What is stone bass?
Virtually no-one had heard of stone bass until quite recently, for the very good reason that it did not exist except as an occasional name for a pretty rare fish, the wreckfish. (As TS Eliot might have said, The naming of fish is a difficult matter. It isn’t just one of your family games. You may think at first I’m as mad as a hatter, when I tell you a fish must have twelve different names…) So let’s kick off with some clarification: the stone bass discussed here goes by the Latin name, Argyrosomus regius. Also known as meagre or corvina, it’s pretty rare in the wild and as good as unknown around UK coasts. Wreckfish or Polyprion americanus, is even more rare, but when it does turn up is sometimes known as stone bass, perhaps because the two species look vaguely similar. And both bear a passing resemblance to the far better known and very popular sea bass (Dicentratus labrax).
The English market name of Argyrosomus regius was an issue of no consequence until about 2016 when supplies of a new farmed fish from the Mediterranean began to reach the UK. Now: someone’s offering you 500 boxes a month of a new fish they call “meagre”. Would you think it’s a goer? Or would you do a bit of googling and perhaps alight upon “stone bass”? Voila! Meet the stone bass! So it’s called the stone bass in the UK and the USA, but meagre in international trade.
Meagre in the wild
In its wild state, the meagre is mainly found in the Mediterranean and off west Africa where it has always been a steady but modest component of the mixed fisheries catch. Wild meagre is quite popular in Spain and Portugal, when it’s available, but the supply was always too small to penetrate foreign markets. It is very rare north of Portugal. British marine biologists got quite excited when a small meagre was caught off Cornwall in 1998. Since then a couple of larger fish have been recorded. Some meagre are found in the Red Sea, having reached there via the Suez Canal.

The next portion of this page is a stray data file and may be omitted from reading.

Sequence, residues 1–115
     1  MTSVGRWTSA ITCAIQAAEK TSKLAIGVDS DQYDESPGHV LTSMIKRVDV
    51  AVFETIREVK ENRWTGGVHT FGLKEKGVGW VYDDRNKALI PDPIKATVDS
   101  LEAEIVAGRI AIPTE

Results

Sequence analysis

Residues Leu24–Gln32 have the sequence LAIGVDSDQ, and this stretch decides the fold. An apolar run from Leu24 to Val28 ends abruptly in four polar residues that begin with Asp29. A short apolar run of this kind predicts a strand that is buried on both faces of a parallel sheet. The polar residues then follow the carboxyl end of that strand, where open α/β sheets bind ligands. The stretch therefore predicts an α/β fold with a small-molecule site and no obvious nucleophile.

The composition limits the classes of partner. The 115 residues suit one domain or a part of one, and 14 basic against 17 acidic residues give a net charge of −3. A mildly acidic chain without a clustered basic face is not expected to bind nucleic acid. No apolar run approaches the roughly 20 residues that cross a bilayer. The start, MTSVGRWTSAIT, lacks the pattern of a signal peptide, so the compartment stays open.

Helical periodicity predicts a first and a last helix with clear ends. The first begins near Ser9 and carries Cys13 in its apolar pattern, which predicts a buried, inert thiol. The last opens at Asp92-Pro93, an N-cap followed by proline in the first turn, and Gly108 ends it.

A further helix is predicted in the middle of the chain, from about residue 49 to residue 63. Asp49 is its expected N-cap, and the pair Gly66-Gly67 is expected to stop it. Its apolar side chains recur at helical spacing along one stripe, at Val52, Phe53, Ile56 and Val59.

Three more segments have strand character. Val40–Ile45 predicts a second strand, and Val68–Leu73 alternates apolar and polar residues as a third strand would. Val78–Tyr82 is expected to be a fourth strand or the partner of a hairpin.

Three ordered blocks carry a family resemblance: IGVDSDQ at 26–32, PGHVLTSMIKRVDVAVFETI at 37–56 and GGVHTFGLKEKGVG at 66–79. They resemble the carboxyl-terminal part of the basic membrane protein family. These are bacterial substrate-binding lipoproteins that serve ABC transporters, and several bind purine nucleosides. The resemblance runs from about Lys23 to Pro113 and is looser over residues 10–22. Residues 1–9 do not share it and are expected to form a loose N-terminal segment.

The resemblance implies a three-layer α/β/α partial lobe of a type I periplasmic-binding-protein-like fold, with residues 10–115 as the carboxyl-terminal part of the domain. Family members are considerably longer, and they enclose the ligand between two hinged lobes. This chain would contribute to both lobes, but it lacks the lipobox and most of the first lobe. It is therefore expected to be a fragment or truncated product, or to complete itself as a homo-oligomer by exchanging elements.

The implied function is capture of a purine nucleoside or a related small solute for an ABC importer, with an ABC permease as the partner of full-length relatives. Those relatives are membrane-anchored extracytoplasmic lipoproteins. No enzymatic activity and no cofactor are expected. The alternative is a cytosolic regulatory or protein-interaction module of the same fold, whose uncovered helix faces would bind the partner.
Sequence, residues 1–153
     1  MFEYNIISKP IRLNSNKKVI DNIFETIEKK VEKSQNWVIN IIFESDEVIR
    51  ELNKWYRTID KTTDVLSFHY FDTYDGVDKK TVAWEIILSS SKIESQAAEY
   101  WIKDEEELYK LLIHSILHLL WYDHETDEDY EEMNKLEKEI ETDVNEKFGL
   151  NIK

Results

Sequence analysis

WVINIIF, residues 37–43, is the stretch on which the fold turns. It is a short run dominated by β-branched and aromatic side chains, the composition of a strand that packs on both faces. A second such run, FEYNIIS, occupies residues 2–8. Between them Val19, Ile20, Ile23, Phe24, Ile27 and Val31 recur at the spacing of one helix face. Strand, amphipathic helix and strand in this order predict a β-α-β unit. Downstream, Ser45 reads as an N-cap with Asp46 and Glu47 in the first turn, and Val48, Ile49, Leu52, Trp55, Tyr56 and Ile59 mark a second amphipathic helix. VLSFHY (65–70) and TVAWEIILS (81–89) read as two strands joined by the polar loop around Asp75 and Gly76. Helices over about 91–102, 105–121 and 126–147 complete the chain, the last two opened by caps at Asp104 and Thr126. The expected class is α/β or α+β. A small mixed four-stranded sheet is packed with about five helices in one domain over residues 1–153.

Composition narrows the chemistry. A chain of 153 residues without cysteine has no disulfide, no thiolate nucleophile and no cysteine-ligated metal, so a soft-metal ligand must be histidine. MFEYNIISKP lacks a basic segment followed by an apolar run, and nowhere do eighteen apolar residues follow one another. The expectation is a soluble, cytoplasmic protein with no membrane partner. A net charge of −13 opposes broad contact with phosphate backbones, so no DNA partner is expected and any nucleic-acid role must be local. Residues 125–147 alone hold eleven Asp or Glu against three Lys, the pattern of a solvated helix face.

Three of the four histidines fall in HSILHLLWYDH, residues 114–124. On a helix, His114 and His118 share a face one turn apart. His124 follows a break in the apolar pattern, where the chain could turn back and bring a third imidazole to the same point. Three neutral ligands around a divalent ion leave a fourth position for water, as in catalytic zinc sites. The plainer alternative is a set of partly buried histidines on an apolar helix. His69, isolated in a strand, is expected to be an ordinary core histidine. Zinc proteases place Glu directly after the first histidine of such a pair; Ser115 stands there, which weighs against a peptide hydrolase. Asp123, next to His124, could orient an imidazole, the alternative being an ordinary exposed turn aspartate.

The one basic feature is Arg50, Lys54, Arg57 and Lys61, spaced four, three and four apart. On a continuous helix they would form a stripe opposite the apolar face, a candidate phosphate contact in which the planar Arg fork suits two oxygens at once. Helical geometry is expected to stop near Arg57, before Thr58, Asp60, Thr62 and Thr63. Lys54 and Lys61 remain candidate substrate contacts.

In the wild, the meagre can grow to an impressive 40 kgs. Such a fish would be over a meter long. It's a plain silver fish with one dash of colour - the inside of its mouth is bright yellow. Meagre belongs to a family of fish called Drumfish, named for the sounds they can make. Fishermen know meagre for a very distinct grunting made by male fish during spawning, using "sonic muscles". A big shoal canmake a very loud noise.
A product of aquaculture
In the mid 1990s, a French fish hatchery launched trials with meagre becuase it seemed to show potential for aquaculture by growing very fast. Fish farming works by way of a hatchery growing eggs into small fish (“fry”) which are then moved to fish farming facilities. Fry production is a specialist phase and is only rarely carried out at the fish farm itself. The big challenge at the outset is to identify a procedure that will enable the eggs to be ongrown into fry reliably. The French hatchery worked out a succesful nurturing regime for its eggs, thus opening a new chapter for this fish.
Commercial farming began quite quickly in France and Italy, but only on a small scale because there was only one supplier of fry. However, when word got out about just how efficient the meagre was at converting food into muscle (this is known as the FCR or feed conversion ratio) there was a flurry of interest. Spanish fish farmers got in on the act and by 2011, Spain was the biggest producer of farmed meagre, producing about 60% of the total European aquaculture production of around 2,000 tonnes.
At this point the European Union decided to give the meagre a push by including it with five other fish in a €12m project intended to help fish farms diversify into new species. This five year project was launched in 2013 and its main focus was to identify a good genetic basis for fry production. By this time 13 fish laboratories and hatcheries across the EU had established broodstocks of wild meagre for research and commercialisation. The EU project joined them all up into a Europe-wide effort. Here’s a flavour of what followed, quoted from the March 2015 issue of Aquaculture Europe magazine: